|Whale with calf at Head of Bight, Nullarbor Plain, South Australia|
The dry, dusty and unseasonally hot wind that had kept our fuel consumption at an all time high swept us out of the car, whistled around our ankles and bent us double until anchored by our lunch bag we landed in the shelter shed.
|The Nullarbor Plain through the windscreen, South Australia|
Despite the thrill that came with being on one of the largest Karst landforms in the world, and traversing 90 mile Straight (Australia's longest), so far our virgin crossing of the famous Nullarbor plain wasn't really doing it for us.
Even the Scenic Public Toilets* were few and far between. Although there were probably more loos than trees (Null = zero, arbor = tree, geddit?) …
34º C and winds that bent us double. No campsites out of the wind along the way. And a LOOOOONG way to go across the bite-shaped Great Australian Bight that stretches along a third or more of the southern coastline. Hell, we weren't even half-way across Australia! We almost didn't stop.
|Bright Blue Bight View! Great Australian Bight, South Australia|
The path led through the Interpretive Centre (where we paid our fee) then down to the viewing platforms nestled in the cliffs. Our visit to one of the largest Southern Right Whale breeding grounds and nurseries in the world had better be worthwhile after the dramas we'd faced to get there.
And on a whale viewing platform above the Great Southern Ocean** in peak creche season (May to October), that meant there'd better be whales.
|Bunda Cliffs, Great Australian Bight, South Australia|
May as well have just flushed the AUD$12 entry fee down the toilet, I thought as I grimly pushed back against the wind still determined to see me off the cliffs and into the Bight.
Still, I could feel a photo coming on when I saw the boardwalk against the magnificent coastal scenery. I slowed down for the inevitable shot as Pilchard continued down the track.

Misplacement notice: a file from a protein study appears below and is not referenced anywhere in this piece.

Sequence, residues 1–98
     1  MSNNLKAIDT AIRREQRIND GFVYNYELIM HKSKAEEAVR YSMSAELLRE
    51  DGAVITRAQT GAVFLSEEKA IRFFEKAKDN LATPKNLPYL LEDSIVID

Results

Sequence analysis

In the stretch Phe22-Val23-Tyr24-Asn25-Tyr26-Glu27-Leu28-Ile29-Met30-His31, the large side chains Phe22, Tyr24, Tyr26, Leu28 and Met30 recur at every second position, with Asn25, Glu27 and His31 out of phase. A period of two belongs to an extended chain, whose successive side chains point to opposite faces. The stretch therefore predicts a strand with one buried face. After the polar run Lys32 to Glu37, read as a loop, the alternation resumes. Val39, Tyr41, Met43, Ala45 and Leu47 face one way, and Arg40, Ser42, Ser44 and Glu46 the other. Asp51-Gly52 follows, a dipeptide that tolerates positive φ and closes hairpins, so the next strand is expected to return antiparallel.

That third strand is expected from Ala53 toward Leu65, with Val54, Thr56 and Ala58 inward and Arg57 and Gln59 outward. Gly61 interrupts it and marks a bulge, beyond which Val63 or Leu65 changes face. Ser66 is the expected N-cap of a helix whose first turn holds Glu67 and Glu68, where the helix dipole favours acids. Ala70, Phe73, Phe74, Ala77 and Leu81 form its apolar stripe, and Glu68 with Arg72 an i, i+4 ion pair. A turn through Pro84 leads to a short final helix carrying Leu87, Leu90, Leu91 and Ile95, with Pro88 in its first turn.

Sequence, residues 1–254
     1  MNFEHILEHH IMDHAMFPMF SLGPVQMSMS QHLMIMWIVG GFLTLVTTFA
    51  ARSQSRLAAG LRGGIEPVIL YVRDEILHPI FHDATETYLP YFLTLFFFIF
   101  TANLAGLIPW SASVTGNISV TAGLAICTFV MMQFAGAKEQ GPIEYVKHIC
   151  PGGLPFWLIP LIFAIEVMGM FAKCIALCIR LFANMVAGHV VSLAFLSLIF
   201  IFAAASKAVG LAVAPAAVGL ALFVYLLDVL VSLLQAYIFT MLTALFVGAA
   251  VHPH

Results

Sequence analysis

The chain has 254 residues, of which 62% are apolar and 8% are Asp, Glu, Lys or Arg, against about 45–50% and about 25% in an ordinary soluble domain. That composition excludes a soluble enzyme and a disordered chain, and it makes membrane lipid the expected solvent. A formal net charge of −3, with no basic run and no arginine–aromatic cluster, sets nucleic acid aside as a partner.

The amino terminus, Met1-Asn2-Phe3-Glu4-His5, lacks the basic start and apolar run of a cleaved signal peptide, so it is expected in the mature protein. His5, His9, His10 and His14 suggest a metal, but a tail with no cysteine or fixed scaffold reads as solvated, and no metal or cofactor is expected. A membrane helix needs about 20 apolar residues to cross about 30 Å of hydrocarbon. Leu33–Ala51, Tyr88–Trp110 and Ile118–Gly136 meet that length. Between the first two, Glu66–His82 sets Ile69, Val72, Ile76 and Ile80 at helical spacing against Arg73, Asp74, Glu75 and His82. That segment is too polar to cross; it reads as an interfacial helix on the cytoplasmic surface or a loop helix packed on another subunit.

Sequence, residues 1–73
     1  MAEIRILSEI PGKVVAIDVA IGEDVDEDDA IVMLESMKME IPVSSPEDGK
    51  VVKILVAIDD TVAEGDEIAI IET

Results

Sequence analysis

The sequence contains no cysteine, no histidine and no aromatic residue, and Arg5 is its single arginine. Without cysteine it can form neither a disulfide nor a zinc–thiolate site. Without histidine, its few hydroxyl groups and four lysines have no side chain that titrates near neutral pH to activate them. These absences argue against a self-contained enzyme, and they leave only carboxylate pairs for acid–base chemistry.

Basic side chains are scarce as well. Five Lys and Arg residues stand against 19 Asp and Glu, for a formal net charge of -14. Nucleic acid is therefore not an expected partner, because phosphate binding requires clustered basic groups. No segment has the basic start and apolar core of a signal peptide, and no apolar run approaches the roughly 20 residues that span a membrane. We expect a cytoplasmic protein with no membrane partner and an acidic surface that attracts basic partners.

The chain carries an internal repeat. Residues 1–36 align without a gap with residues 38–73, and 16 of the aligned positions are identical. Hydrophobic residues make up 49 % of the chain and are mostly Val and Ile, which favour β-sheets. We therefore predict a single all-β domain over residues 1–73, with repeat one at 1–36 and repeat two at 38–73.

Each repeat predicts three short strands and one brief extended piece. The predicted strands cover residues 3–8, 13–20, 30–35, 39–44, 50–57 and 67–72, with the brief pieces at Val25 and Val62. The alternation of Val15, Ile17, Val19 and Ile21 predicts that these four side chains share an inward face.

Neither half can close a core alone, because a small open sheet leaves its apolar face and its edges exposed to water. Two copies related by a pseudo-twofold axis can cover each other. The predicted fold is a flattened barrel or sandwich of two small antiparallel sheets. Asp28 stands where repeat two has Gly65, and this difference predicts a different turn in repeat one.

Then I heard it!
'It's a boy!' a wind-blown traveller exclaimed as she emerged onto the cliff top and drew level with Pilchard. 'Look down there!' Pilchard looked, then turned to me and beckoned excitedly.
|Bunda Cliffs up close, Great Australian Bight, South Australia|
And there, below us in the water, wallowing RIGHT below us in the water was a whale and her calf. As we both watched (and one of us photographed wildly) the calf put on a fine display directly from the whale-watching handbook.
But one thing was puzzling me. I turned to the helpful traveller.
'How can you tell it's a boy?' I asked, intrigued.
'Well, just look at how he's showing off!' she replied, as if it was the most obvious thing in the world. Which perhaps it was. Is.
Half an hour later, as we reluctantly returned to the hot, dry and dusty Nullarbor, our memory of the spectacular sight of at least 30 whales with calves swimming along the cliffs obscured by one little show off.
Years of corporate life failed to equip me with the skills required for whale-sexing, so I am unable to confirm if our friendly guide's assessment of this little whale's gender was correct.
But, until a more accurate explanation – or a more highly qualified whale-sexer – comes along to disprove it, I'll accept her conclusion.
Somehow I think I'll be waiting for quite some time ...
Want More Information?
- Southern Right Whale (Eubalaena Australis)
* Enjoy Aussie Scenic Public Toilets all year round! Click HERE to find out how!!
**As it is known to us Aussies – according to the Eyre Peninsula tourist guide, the rest of the world calls it the Indian Ocean!
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